Use of regional HELCOM AIS data discussed at HELCOM Secretariat
The current and future uses of the regional HELCOM AIS data were discussed in a dedicated open seminar last week at the HELCOM Secretariat. HELCOM says the open event, part of recent fast developments around one of the first regional AIS data networks, was attended by researchers, national AIS data experts and companies.
Since the launch in 2005 the HELCOM AIS network has enabled the HELCOM Contracting Parties (Denmark, Estonia, European Union (EMSA), Finland, Germany, Latvia, Lithuania, Poland, Russia and Sweden) as well as Norway to share the live Automatic Identification System (AIS) data received by their national base stations. It has also generated a unique regional database on historic ship movements in the Baltic Sea.
The network itself, and the resulting data, is overseen by the dedicated HELCOM Expert Working Group on AIS and data, meeting annually since 2002. The network server is, since this year, hosted by Norway.
AIS data from this regional network is increasingly used for various purposes extending far beyond operational safety of navigation, including analysing emissions from ships and enabling accidental spill risk assessments in the Baltic Sea.
However, the wider HELCOM community, especially research, has only recently been able to use this valuable information in full, due to the lack of joint and openly available data processing methods, tools and definitions. Examples of such products include traffic density maps which can be used for various purposes from Maritime Spatial Planning, safety and environmental policy. The same issues are facing AIS data users around the world.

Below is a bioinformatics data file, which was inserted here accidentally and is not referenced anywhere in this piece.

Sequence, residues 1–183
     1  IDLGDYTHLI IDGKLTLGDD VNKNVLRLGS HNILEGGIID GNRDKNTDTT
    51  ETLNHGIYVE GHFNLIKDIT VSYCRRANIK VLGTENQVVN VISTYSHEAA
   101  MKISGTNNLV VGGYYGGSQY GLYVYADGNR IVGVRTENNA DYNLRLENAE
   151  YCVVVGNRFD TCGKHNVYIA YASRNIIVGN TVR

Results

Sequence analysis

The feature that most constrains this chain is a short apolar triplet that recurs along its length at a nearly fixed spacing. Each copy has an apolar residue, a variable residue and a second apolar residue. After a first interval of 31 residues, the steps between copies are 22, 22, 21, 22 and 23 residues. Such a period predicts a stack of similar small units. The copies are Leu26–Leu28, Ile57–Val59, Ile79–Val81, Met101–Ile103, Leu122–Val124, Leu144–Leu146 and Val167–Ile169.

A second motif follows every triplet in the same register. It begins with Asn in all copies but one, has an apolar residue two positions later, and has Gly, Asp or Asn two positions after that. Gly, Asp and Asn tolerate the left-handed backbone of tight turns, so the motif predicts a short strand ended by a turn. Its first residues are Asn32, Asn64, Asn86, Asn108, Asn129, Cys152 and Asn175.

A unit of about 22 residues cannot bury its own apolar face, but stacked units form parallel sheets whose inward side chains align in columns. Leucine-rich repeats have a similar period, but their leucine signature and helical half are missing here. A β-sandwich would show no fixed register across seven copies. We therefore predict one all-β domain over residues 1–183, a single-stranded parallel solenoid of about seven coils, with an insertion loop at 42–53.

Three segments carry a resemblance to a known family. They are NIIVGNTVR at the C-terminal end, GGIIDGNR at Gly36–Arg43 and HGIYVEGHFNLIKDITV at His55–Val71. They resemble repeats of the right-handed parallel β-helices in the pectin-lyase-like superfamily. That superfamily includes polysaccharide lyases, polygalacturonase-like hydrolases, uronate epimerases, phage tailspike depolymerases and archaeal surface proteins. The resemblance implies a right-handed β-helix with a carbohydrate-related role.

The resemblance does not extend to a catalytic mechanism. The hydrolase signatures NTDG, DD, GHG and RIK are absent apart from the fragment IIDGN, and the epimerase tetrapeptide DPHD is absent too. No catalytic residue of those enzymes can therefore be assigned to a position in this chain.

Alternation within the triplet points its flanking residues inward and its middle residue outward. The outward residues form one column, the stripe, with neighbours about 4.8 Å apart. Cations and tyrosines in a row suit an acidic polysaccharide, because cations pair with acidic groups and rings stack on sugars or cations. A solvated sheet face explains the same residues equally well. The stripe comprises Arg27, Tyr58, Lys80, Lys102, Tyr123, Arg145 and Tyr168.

The seminar debated different approaches and uses of AIS data in order to support the development of the needed joint and open data processing methods, tools and definitions for the HELCOM community and beyond.
HELCOM AIS Working Group is a sub-group of the HELCOM Maritime Working Group. It governs the regional AIS network and meets annually since 2002.
HELCOM is an intergovernmental organization made up of the nine Baltic Sea coastal countries and the European Union. Founded in 1974, its primary aims as the governing body of the Helsinki Convention are to protect the marine environment of the Baltic Sea from all sources of pollution.
This includes pollution from ships and safe maritime navigation, fields where the work involves regional dimensions of IMO regulations and initiatives. The full official name of HELCOM is the Baltic Marine Environment Protection Commission.